Unfortunately, the only reason I would resort to anecdotal evidence is because I don't think there are any numbers on public disciplining of children. However, from http://www.religioustolerance.org/spankin2.htm, "a survey of U.S. parents shows a drop in the use of spanking as the main disciplinary method from 59% in 1962 to 19% in 1993. Parents now prefer using time-outs (38%) and lecturing (24%)." This indicates to me a much more recent shift in parenting attitudes than you are arguing. The reason I brought up the public disciplining thing though is that in Canada, a federal law, passed in the mid-90's prevents public spanking of a child by their parents -- this reflects the basic trend I've observed in both Canada and the U.S. of an increasing fear of disciplining children leading to more laissez-faire and/or passive parenting.

I'm glad your siblings have used Pull-Ups and yes, effective toilet training is secondary to what the underwear is made of, but I'm arguing that Pull-Ups and other diapers are another form of passing the buck (giving parents less reason to stick to a hardcore toilet training schedule because they can afford to skip a toilet training session if they so choose). But hey, if your parents were able to train your sibling not to wet themselves after fifteen years using Pull-Ups, than I would say more power to them.

"Yes, and I object to that because I don't think you have enough information to decide what caused her misbehaviour."

If she had ADD, does that make her tantrum unusual and therefore justify the teachers' bizarre actions? If you read my post, you'll note that I wasn't citing the girl's tantrum as an example of poor parenting (on the mother's part, I assume?) -- I was citing the behaviour of the teachers as an example of a laissez-faire or bargaining/pleading form of parenting rather than actual discipline.

When using the video as an example, I said: "And yet, the teachers in the video, terrified perhaps of lawsuits or falling into the belief that children can be handled like 'young adults', never raise their voices, never speak sharply to the child, and basically never establish themselves as the authority figures they should be." Whether ADD, emotional distress, or just lack of sleep, I don't really care why the child acted out -- you're right, I don't have enough information to speculate on why the child was upset... which is why I make no assumptions about this child, not even to suggest that she might have emotional problems. I was more shocked by the behaviour of the teachers, who showed little to know ability to control and discipline the child, which I think is symptomatic of a general problem with how adults treat children in today's America.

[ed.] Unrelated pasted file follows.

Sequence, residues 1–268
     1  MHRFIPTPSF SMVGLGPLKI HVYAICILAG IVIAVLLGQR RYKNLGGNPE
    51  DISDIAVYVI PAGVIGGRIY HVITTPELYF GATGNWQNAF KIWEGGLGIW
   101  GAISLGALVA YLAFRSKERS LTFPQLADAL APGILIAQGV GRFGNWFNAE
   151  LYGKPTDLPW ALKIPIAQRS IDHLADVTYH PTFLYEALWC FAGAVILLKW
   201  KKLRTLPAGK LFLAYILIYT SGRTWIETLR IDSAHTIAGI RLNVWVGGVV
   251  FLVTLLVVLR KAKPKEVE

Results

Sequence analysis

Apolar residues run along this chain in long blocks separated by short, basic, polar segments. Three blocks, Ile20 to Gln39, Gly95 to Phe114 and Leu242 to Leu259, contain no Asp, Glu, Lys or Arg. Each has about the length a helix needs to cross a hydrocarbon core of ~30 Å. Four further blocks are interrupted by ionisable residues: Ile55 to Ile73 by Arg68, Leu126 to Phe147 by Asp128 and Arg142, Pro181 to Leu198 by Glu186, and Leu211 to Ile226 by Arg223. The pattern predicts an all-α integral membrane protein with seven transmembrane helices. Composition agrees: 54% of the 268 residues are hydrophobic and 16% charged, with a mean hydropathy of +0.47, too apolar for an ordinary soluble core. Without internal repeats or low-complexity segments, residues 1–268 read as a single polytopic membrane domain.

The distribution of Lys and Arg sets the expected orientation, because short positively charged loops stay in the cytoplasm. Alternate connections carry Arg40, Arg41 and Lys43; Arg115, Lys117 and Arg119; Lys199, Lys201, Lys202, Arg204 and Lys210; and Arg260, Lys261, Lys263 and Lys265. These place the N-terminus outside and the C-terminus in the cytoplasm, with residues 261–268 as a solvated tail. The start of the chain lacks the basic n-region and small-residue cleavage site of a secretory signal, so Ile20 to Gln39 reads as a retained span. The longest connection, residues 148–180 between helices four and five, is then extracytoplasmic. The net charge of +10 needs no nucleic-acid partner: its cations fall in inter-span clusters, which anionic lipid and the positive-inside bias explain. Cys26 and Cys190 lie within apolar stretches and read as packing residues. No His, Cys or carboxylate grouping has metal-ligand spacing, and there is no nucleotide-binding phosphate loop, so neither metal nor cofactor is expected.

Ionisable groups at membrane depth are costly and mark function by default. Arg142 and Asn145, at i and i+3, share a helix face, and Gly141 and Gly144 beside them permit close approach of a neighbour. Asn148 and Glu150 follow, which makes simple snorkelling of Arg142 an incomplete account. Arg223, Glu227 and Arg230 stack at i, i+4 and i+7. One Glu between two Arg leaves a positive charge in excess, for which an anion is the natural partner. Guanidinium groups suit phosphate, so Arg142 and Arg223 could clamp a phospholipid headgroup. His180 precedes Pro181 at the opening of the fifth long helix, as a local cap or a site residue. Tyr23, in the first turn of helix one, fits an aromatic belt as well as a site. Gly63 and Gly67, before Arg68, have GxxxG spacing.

5/02/2005 03:31:00 PM  
Anonymous Anonymous said...

(this is a different anonymous commenter, although i have commented before)

"I'm arguing that Pull-Ups and other diapers are another form of passing the buck (giving parents less reason to stick to a hardcore toilet training schedule because they can afford to skip a toilet training session if they so choose)."

who's to say that that is the one TRUE way of potty-training? why wouldn't a more flexible schedule be less traumatic to the child (especially if the results are the same)?


"Children nowadays are tyrants. They contradict their parents, gobble their food and tyrannise their teachers." -Socrates

5/02/2005 04:33:00 PM  
Anonymous Anonymous said...

"... except that I never said it was a "solution", hence if there's any straw man in this argument it's that you would find such a connection in the first place."